In the nick of time
Nick Gidney is obviously a fast learner.
The 17-year-old Thorold native joined the Blackhawks this season after playing his major midget season with the Niagara North Stars and has quickly developed into one of the Hawks’ most dependable defencemen.
“On ice, he’s really improved so much this year. It’s been a crazy year watching him develop,” Thorold coach Scott Barnes said. “We can play him in all situations. It’s not just his strength. It’s his skating and he’s confident now with the puck and skating the puck up and joining the rush.”
Barnes knew Gidney would contribute, he just wasn’t sure he would adapt to the junior game so quickly.
“From the start of the year we thought he might be our fifth or sixth (defenceman) and play in that role and now he’s playing against the other team’s top line and is on the ice a lot. He plays a lot of minutes us.”
Gidney, who has a goal, nine points and 84 minutes in penalties in 48 games, admits he’s much more comfortable now as compared to earlier in the season.
“As the year has gone on I feel like I’ve gotten a lot more offensive,” he said. “In minor midget and years previous I’ve been more of a stay-at-home defenceman. As I moved up the levels the coaches told me they wanted me to join the rush more.
“I still base my game off being more defensive but I join the rush more and I feel more confident in my game.”
Barnes likes how Gidney has rounded out his game.
“Our D corps being so young, we didn’t have the big, 20-year-old who could kind of take care of business in front of the net and he’s really been that player for us,” he said. “He’s really reliable on the penalty kill and in defensive situations. He really battles. He never gives up on a puck and his compete level is second to none.”
Gidney was skating with the Fort Erie Meteors before joining up with the Hawks once Barnes acquired the team.
“I’ve known him for a long time. I watched him a lot and kept tabs on him,” Barnes said. “He came out to our rookie camp and I really liked him and then it got to the point where I heard he was maybe out with some other teams. I hadn’t really expressed my interest in him so I went to him and told him I really wanted him on the team and that he would play a big role because we’re going to be young.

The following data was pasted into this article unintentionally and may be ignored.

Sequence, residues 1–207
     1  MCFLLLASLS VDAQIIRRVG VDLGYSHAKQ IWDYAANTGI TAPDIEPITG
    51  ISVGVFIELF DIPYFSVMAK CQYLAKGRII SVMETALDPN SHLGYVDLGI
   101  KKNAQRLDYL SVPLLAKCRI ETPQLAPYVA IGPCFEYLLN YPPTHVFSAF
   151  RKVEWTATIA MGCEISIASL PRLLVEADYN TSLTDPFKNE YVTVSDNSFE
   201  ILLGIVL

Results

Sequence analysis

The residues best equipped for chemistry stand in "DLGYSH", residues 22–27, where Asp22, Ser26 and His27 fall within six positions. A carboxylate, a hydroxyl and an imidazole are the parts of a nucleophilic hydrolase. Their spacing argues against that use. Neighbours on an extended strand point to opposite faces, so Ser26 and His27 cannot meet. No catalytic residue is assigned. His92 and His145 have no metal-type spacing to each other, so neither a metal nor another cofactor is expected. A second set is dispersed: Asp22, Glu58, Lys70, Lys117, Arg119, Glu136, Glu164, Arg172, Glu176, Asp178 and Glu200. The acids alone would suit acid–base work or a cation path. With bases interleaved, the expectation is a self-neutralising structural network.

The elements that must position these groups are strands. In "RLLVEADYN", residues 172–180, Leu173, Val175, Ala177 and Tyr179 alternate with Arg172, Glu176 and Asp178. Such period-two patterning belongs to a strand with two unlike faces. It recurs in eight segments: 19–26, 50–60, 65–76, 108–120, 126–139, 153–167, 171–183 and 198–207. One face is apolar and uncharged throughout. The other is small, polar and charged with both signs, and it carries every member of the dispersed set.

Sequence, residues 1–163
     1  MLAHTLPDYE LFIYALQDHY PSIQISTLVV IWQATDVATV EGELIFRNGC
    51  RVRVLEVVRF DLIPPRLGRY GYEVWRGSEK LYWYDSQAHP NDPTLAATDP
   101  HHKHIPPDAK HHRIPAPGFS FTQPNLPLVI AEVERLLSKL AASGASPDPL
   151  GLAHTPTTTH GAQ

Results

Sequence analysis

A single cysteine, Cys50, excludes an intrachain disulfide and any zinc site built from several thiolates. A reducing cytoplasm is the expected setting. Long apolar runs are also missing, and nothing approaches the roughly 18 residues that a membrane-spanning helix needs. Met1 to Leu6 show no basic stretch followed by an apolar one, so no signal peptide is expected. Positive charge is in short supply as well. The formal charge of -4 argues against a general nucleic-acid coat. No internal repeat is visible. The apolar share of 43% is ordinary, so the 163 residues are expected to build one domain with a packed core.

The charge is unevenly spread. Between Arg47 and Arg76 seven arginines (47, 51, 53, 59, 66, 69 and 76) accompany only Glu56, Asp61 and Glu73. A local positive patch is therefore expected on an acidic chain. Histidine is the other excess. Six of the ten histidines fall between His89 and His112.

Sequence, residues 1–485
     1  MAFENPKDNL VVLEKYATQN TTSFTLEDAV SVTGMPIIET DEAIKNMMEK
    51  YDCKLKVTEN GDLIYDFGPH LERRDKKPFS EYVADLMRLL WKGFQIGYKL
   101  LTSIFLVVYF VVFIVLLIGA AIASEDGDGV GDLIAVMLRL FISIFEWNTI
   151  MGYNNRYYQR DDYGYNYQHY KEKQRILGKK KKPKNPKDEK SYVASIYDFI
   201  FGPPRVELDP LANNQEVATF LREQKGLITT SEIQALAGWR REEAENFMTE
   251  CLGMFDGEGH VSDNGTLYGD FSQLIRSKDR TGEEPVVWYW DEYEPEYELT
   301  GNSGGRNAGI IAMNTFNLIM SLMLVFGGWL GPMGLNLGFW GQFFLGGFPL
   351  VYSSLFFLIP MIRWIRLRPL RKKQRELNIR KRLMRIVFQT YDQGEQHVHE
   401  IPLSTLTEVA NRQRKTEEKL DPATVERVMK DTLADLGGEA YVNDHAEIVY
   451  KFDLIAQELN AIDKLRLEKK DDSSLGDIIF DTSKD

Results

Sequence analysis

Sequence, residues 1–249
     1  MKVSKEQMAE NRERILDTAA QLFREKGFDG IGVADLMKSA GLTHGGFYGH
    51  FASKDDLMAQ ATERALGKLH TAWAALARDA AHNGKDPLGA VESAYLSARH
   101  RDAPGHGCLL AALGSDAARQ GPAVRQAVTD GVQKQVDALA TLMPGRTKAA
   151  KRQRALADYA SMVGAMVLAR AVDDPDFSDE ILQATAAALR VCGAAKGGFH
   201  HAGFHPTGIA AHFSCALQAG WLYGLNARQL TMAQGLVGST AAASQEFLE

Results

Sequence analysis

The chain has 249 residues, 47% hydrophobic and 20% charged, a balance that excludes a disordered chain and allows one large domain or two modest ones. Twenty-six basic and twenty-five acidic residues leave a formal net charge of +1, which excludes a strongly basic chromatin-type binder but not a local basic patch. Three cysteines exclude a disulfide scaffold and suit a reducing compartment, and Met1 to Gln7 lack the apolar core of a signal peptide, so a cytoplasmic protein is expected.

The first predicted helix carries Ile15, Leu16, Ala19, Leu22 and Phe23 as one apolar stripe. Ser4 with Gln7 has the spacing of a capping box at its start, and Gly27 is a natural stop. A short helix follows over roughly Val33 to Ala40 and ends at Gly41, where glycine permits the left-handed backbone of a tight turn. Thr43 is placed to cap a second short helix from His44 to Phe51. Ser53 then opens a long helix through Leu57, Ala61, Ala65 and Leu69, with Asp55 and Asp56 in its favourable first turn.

“That’s how I got a lot of my players because they knew they we going to come in and play.”
Gidney feels he made the right choice hooking up with Barnes.
“When I heard Scott got the team I know him well so I came out and thought I would give it a shot. My other option was to play major midget again because I didn’t know if I was ready for the next step right away.
“When I came out I was confident in camp and thought I had a chance.”
Barnes also appreciates Gidney’s off-ice contributions. He billets forward Spencer Blackwell and his home has become a gathering place away from the rink for the team.
“He’s a team guy. He’s great in the room. He’s been great for us on the ice, but even better off the ice,” Barnes said. “I can’t say enough about him.”
Gidney, who was selected to participate in 2017-18 GOJHL Top Prospects Game, is thinking long-term of perhaps trying the NCAA route. He is a solid student in Grade 12 at Denis Morris.
The Hawks wrap up the regular season with a home game Thursday versus Buffalo and a road game in Ancaster Saturday. A pair of wins would see them finish the season at 21-21-3-5.
“I wanted to be close to .500 and 20 wins was kind of a goal I set for us and we’re almost there,” Barnes said. “Just the fact we’ve been able to compete with every team in the league except Caledonia, and we got a point off them Monday, so that was a pretty big effort for our guys.”
Gidney admits he has been pleasantly surprised how well the team has performed.
“It’s a lot better than we expected. Coming in this year if someone would have said we’re going to be .500 I would have said you’re crazy. We’re all 17 and one 19-year-old and knowing what the league is like. It’s a big step for us.”
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